Forge Your Own Boarding Pass
Last week Christopher Soghoian created a Fake Boarding Pass Generator website, allowing anyone to create a fake Northwest Airlines boarding pass: any name, airport, date, flight. This action got him visited by the FBI, who later came back, smashed open his front door, and seized his computers and other belongings. It resulted in calls for his arrest—the most visible by Rep. Edward Markey (D-Massachusetts)—who has since recanted. And it’s gotten him more publicity than he ever dreamed of.
All for demonstrating a known and obvious vulnerability in airport security involving boarding passes and IDs.
This vulnerability is nothing new. There was an article on CSOonline from February 2006. There was an article on Slate from February 2005. Sen. Chuck Schumer spoke about it as well. I wrote about it in the August 2003 issue of Crypto-Gram. It’s possible I was the first person to publish it, but I certainly wasn’t the first person to think of it.
It’s kind of obvious, really. If you can make a fake boarding pass, you can get through airport security with it. Big deal; we know.
You can also use a fake boarding pass to fly on someone else’s ticket. The trick is to have two boarding passes: one legitimate, in the name the reservation is under, and another phony one that matches the name on your photo ID. Use the fake boarding pass in your name to get through airport security, and the real ticket in someone else’s name to board the plane.
This means that a terrorist on the no-fly list can get on a plane: He buys a ticket in someone else’s name, perhaps using a stolen credit card, and uses his own photo ID and a fake ticket to get through airport security. Since the ticket is in an innocent’s name, it won’t raise a flag on the no-fly list.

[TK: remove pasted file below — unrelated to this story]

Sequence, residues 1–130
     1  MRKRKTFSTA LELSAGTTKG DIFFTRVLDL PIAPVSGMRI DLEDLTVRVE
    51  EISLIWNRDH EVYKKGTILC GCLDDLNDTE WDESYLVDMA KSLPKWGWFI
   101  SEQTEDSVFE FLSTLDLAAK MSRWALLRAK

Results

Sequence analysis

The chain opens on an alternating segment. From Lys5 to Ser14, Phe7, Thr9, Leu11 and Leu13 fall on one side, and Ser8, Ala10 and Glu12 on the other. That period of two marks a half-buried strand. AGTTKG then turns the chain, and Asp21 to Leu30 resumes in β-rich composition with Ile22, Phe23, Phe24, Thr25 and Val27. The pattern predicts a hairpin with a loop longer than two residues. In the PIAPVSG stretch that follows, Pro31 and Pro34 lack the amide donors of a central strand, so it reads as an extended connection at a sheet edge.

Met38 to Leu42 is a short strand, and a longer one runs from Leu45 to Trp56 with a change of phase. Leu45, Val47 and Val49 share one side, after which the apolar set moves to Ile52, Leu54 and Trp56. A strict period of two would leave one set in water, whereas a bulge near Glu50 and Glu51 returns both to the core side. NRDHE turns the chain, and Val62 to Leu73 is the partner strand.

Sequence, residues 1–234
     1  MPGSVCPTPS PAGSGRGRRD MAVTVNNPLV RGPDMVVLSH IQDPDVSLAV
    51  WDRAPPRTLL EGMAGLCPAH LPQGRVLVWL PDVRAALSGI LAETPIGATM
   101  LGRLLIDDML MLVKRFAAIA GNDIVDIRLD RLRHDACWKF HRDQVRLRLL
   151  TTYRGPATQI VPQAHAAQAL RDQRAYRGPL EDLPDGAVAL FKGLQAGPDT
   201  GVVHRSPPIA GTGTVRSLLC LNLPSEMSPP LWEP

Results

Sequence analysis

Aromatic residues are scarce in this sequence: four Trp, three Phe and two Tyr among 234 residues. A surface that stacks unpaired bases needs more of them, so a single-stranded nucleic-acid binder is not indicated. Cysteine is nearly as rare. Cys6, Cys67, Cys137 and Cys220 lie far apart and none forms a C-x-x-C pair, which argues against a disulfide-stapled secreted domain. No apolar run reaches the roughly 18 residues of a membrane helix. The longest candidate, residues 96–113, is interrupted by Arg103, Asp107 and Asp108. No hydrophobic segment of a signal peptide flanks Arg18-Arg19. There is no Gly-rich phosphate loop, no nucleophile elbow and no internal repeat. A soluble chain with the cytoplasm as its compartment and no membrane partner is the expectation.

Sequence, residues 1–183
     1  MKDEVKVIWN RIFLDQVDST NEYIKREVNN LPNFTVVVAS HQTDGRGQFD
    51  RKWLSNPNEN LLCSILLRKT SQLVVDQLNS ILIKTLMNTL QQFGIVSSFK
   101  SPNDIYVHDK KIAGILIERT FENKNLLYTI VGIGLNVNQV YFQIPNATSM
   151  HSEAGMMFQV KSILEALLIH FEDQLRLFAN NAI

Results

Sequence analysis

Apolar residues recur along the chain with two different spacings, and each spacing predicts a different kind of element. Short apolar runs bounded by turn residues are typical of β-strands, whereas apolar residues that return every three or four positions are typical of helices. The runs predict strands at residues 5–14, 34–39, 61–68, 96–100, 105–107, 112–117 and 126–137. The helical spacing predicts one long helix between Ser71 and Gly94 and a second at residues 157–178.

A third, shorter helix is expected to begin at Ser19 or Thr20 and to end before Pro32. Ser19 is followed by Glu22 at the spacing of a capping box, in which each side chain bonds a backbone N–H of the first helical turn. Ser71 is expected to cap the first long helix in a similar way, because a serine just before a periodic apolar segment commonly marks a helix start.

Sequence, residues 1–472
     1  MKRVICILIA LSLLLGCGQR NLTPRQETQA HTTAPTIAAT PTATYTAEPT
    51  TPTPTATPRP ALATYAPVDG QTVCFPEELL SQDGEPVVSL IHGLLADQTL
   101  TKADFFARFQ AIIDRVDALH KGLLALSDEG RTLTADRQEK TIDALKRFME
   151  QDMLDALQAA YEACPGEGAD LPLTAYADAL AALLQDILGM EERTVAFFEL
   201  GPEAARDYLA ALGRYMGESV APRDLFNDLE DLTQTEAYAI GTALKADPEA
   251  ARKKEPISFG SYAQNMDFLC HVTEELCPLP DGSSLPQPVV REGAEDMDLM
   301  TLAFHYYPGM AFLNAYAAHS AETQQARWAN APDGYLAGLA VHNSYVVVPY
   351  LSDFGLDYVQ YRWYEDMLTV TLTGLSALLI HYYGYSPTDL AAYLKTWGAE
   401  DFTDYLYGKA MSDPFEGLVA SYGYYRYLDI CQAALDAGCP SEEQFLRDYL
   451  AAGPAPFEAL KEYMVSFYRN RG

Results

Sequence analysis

You can also use a fake boarding pass instead of your real one if you have the “SSSS” mark and want to avoid secondary screening, or if you don’t have a ticket but want to get into the gate area.
Historically, forging a boarding pass was difficult. It required special paper and equipment. But since Alaska Airlines started the trend in 1999, most airlines now allow you to print your boarding pass using your home computer and bring it with you to the airport. This program was temporarily suspended after 9/11, but was quickly brought back because of pressure from the airlines. People who print the boarding passes at home can go directly to airport security, and that means fewer airline agents are required.
Airline websites generate boarding passes as graphics files, which means anyone with a little bit of skill can modify them in a program like Photoshop. All Soghoian’s website did was automate the process with a single airline’s boarding passes.
Soghoian claims that he wanted to demonstrate the vulnerability. You could argue that he went about it in a stupid way, but I don’t think what he did is substantively worse than what I wrote in 2003. Or what Schumer described in 2005. Why is it that the person who demonstrates the vulnerability is vilified while the person who describes it is ignored? Or, even worse, the organization that causes it is ignored? Why are we shooting the messenger instead of discussing the problem?